According to a 5i Solutions Study, the majority of ridesharing users are between the ages of 25-34. If the ridesharing industry were significantly impacting DUI arrest rates within their user population, wouldn’t the data show a small change in the average age of the criminal DUI offender and show an increase in an age bracket does not use ridesharing? Not necessarily. In 2013 alone, more than half of all arrestees were age 30 or younger, and almost three-quarters were age 40 or younger. Years 2008 - 2012 show similar numbers, with the majority of offenders falling below the age of 40.

According to the Pew Research Center, ridesharing usage is highest among college graduates and affluent Americans. According to the same report, “There are no substantial differences in ride-hailing usage across gender or racial lines: Men and women are equally likely to use these services, as are white, blacks and Latinos.”

By offering an alternative at the fingertips of the app user, ridesharing should, theoretically, reduce the number of drivers who operate vehicles on while under the influence. Very few people leave the house with the intention of taking such a risky gamble later in the night, so if an app can quickly diffuse a risky situation, surely this positive effect will reach across lines of race and ethnicity?

 

In 2015, Uber launched an ESPAÑOL option for all users.

Photo Credit: Uber Newsroom

In a world of equal opportunity and diversity agendas, it’s important to consider demographics when analyzing DUI criminal arrests and explore options to help reduce those numbers. The financial burden of a DUI arrest can have severe long-term effects on offenders, their relationships and families, and future outlooks.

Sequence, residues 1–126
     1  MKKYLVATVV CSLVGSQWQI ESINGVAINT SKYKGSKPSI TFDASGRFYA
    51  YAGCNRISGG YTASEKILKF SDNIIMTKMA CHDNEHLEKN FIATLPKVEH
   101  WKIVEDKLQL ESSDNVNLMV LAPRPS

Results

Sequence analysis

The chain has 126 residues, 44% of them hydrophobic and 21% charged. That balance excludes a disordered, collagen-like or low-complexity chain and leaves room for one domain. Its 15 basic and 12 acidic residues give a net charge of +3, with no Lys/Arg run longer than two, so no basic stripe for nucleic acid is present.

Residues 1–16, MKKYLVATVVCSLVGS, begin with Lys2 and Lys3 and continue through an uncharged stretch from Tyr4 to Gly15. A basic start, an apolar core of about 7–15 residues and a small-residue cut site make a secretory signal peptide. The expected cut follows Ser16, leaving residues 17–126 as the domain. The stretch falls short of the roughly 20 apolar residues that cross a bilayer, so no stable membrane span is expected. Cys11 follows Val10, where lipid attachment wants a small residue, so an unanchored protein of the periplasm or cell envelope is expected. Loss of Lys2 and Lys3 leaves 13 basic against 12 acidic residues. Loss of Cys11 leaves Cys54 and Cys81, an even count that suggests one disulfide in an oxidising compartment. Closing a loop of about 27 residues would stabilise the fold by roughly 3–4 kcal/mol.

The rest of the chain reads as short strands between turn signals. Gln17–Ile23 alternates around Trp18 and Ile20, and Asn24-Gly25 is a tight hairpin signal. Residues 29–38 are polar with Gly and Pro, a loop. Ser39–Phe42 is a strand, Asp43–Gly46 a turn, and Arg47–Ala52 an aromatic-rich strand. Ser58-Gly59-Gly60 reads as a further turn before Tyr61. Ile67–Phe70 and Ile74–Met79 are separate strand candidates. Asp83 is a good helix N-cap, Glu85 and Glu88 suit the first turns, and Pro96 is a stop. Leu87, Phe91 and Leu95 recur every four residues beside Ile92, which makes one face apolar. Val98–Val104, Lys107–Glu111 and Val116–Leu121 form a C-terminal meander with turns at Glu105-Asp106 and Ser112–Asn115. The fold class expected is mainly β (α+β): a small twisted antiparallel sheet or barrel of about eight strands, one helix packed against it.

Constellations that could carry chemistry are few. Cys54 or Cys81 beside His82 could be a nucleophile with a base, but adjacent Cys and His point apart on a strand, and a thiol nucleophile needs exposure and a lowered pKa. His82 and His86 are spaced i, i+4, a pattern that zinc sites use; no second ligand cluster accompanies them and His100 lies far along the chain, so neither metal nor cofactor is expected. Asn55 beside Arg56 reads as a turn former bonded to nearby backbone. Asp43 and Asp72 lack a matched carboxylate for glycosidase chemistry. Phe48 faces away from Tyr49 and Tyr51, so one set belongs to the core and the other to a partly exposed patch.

Summary

In 2009 – as California police were rolling out their DUI crackdown measures across the state – a San Francisco company launched its game-changing service into the field of public transport. That company was Uber. The brand has since expanded across the state, quickly followed by competitor Lyft, and now followed by Alphabet, Google’s new ridesharing service. Together, these companies are changing the face of public transport users. Recent compromises between the California legislature and the ridesharing companies on insurance requirements point to signs of even more growth and popularity.

According to KQED News, researchers from Temple University in Philadelphia published a study that attributes a 3.6 to 5.6 percent decline in drunken driving deaths after studying data across 14 California counties. As more and more unbiased studies are published and the data is analyzed, the ridesharing industry is in a position to make America’s highways safer than ever before.

The growing popularity of ridesharing offers hope that DUI related crimes, injuries, and death will continue to decrease, and the recent launch of UBERESPANOLLA may help to change the face of the typical California DUI criminal profile.

 

 

 

Data Sources

State of California Department of Motor Vehicles

National Highway Traffic Safety Administration

Fox School of Business at Temple University

Uber Newsroom

Lyft Newsroom

The Wall Street Journal

TechCrunch

Reuters


Pew Research Center 

5i Solutions